NEW YORK (AP) – Citigroup has agreed to pay $968 million to Fannie Mae to resolve potential future repurchase claims on residential mortgage loans originated between 2000 and 2012.
A sizable group of the loans were originated during the U.S. housing boom. Mortgage giants Fannie Mae and Freddie Mac bought mortgage loans from banks like Citigroup in the run-up to the financial crisis. Fannie and Freddie teetered as the loans went bad, and they were effectively nationalized in 2008. The government has spent billions to keep Fannie and Freddie afloat.
Fannie and Freddie have since said that the banks misled them by not telling them the true condition of the mortgages they were buying. For several years, they have been demanding that the banks repurchase the mortgages.
The agreement between Citigroup and Fannie Mae covers claims for breaches of representations and warranties on 3.7 million loans. The deal doesn't release Citigroup's liability for servicing and other ongoing contractual obligations for the loans.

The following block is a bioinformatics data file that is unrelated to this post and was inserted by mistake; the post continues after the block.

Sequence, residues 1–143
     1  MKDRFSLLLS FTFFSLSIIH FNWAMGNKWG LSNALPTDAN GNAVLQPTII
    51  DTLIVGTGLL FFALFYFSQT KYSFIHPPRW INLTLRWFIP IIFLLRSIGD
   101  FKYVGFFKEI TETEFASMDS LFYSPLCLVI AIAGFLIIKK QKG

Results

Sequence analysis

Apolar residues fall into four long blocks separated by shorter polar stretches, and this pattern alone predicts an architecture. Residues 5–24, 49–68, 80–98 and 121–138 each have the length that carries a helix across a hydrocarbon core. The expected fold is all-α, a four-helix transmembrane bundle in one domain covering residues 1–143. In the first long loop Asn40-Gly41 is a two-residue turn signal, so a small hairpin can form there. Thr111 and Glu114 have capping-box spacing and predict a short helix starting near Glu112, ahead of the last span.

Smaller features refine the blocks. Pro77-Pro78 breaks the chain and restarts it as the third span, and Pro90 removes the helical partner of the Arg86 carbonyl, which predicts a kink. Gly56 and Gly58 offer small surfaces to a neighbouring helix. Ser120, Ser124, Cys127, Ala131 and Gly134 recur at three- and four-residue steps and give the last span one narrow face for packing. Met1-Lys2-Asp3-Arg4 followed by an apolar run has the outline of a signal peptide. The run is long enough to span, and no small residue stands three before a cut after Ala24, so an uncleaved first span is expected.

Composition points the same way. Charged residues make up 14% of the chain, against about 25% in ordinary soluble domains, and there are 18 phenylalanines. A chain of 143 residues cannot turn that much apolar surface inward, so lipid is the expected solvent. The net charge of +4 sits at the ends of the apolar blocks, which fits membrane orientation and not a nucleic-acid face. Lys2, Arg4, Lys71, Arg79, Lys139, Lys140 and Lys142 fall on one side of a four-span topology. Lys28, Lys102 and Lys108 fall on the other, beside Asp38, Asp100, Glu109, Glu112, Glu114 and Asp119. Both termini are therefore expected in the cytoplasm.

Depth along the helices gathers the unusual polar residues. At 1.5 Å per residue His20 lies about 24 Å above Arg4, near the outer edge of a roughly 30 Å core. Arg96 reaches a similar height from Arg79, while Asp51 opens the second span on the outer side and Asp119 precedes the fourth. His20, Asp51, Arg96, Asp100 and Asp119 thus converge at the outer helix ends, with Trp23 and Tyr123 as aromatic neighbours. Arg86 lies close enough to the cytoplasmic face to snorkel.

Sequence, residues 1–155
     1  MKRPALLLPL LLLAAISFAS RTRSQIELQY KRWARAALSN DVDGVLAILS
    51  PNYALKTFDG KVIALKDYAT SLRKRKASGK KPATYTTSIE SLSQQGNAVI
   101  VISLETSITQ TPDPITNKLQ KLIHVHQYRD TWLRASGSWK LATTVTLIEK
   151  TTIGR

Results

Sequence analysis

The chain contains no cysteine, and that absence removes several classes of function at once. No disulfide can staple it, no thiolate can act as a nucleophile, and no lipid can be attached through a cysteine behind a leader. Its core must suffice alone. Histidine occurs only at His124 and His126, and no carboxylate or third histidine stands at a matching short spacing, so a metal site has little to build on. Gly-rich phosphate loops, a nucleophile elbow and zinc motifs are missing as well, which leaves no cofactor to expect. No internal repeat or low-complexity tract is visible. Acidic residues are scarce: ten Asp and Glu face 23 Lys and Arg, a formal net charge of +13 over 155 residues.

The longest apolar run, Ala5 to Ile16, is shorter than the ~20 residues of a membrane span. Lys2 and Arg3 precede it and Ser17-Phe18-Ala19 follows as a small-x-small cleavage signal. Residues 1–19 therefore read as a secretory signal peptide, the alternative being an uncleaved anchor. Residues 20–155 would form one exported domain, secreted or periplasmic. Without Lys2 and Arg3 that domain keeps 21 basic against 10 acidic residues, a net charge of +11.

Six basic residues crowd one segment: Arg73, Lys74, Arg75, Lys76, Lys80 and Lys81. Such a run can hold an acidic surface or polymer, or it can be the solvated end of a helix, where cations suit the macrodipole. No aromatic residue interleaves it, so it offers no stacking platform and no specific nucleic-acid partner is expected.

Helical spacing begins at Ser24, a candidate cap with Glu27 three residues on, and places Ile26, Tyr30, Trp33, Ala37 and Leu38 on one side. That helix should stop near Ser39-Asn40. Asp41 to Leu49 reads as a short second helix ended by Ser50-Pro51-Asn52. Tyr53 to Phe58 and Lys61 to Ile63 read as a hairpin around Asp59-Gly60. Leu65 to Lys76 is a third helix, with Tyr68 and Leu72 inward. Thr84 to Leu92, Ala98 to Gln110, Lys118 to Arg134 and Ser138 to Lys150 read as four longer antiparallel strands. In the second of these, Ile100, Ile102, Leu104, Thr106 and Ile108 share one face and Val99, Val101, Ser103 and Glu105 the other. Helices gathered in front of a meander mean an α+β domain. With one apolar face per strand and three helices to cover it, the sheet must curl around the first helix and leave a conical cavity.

Citigroup said that it is also still liable for a group of less than 12,000 loans originated between 2000 and 2012, including loans sold with a performance guaranty or under special credit enhancement programs.
The bank anticipates a $245 million residential mortgage reserve for its second quarter, consistent with reserves from recent quarters. Citigroup will report its quarterly results on July 15.
The New York company said it has adequate reserves for loans not covered by the agreement.
Citigroup Inc. said Monday that it will continue to work with Fannie Mae on buying back any mortgage loans sold to the government-controlled mortgage agency that don't meet its requirements.
Fannie Mae Executive Vice President and General Counsel Bradley Lerman said in a statement that the agency continues to work on resolving repurchase requests with other lenders.
In January, Bank of America reached an $11.6 billion settlement with Fannie Mae to settle claims resulting from mortgage-backed investments that soured during the housing crash.
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